Donors and recipients involved in a groundbreaking eight-way kidney swap in Connecticut came face to face for the first time Thursday, greeting each other with hugs, tears and laughter.
Four women donated kidneys to four men during a series of hours-long procedures at the Yale-New Haven Transplantation Center on March 3. The group included three sets of husbands and wives.
NBC Connecticut gained exclusive access to the surgeries, and our cameras were rolling during the life-saving procedures, which began at 7:30 a.m. and ended at 6 p.m. that day.
"All eight surgeries occurred on the same day and all procedures were deemed a success," said Dr. David Mulligan, director of the Yale-New Haven Transplantation Center and professor of surgery at the Yale School of Medicine, noting that the procedure "represents the largest internal kidney transplant exchange performed in Connecticut."
It started with "altruistic donor" Patricia Menno-Coveney, 61, of Mystic, Connecticut, who said she was inspired to donate by a woman at her church who gave one of her kidneys.
What she didn't know is that she would initiate an eight-person kidney chain, including three sets of husbands and wives.
Since the husbands didn't match their respective wives, doctors used computers to pair up the donors and recipients.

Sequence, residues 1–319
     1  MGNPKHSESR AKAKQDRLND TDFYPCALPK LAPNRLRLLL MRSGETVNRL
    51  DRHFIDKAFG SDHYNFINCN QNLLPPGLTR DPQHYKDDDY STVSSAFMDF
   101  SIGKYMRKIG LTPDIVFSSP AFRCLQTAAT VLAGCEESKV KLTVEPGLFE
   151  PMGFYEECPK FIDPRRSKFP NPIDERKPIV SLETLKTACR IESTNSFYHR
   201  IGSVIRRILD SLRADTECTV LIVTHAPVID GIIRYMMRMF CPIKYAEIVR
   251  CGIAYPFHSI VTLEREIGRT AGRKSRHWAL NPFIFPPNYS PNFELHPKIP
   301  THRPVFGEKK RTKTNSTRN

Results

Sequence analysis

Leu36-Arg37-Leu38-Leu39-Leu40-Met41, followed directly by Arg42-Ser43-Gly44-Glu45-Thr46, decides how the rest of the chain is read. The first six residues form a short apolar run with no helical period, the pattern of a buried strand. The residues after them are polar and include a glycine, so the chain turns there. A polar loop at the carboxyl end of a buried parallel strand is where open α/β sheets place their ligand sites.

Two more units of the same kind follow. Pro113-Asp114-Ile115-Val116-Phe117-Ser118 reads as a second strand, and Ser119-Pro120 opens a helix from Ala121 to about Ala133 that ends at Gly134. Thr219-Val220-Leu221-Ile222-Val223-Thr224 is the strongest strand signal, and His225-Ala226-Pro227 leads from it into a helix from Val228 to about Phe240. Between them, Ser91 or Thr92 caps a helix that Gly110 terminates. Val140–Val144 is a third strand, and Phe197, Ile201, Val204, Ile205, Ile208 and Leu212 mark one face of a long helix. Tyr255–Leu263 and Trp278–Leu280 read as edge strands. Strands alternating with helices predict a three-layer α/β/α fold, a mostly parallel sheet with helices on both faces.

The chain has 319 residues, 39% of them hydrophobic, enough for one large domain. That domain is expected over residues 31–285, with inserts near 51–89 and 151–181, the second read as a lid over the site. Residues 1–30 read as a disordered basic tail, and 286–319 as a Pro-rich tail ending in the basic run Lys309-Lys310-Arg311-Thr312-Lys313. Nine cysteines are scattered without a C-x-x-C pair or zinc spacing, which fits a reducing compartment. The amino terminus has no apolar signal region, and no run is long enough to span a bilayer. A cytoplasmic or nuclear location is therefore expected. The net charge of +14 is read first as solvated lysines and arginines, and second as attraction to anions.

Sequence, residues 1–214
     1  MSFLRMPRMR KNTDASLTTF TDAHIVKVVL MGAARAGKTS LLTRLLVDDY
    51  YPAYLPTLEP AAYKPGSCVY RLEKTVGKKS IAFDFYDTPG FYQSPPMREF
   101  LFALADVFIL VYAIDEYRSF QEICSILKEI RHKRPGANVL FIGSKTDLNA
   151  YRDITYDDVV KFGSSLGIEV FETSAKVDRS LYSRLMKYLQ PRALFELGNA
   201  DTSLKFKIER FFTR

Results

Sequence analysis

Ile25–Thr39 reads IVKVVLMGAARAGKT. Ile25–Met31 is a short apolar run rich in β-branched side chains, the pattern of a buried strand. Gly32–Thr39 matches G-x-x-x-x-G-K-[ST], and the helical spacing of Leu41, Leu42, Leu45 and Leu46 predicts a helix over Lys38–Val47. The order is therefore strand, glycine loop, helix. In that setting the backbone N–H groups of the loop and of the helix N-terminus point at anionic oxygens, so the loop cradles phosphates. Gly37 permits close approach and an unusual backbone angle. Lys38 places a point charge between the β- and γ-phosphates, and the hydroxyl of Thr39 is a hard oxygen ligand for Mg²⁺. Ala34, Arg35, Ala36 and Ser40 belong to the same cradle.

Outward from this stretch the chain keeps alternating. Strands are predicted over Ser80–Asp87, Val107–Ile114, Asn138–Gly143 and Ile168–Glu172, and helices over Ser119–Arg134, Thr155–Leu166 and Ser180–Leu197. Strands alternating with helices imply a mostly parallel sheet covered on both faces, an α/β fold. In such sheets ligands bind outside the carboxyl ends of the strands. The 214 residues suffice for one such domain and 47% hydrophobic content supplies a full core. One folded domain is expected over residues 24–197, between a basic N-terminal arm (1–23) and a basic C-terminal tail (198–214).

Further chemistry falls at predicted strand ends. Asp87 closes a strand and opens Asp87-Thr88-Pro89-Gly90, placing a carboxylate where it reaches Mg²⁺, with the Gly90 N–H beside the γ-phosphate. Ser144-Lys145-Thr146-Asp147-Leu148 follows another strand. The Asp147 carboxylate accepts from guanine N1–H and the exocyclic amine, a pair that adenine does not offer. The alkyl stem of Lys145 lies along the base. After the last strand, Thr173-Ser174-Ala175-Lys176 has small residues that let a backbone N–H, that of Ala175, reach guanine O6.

Menno-Coveney was matched to Shelton resident David Rennie, whose wife, Margaret Rennie, donated a kidney to Raymond Murphy, of Old Saybrook.
In turn, Murphy's wife, Sylvie Murphy, gave a kidney to Mario Garcia, of New Haven, and Garcia's wife, Hilary Grant, donated her kidney to Stamford resident Edward Brakoniecki.
Without the swap, the men would have endured years of waiting and dialysis. Brakoniecki had already waited five years for a transplant from a deceased donor.
But the generosity of one woman from Mystic sparked a chain that quite likely saved four lives. Nine days later, everyone is in good spirits.
"Look at me," said donor Hillary Grant. "This is a week and two days later. I feel absolutely normal."
Dr. Peter Schulam, professor and chair of urology at Yale-New Haven Hospital and the Yale School of Medicine, explained that the donors and recipients seem to be well on their way to recovery.
"They're usually in the hospital one or two nights," Schulam said. "They're able to return to work in two to four weeks depending on what their occupation is."
The donors and recipients met in person for the first time Thursday ahead of a news conference at Yale-New Haven Hospital. They hugged, cried, swapped contact information and promised to stay in touch.
"I was the lucky recipient in an eight-person kidney swap," David Rennie told NBC Connecticut during an exclusive interview. "It's kind of surreal, kind of like we're related now."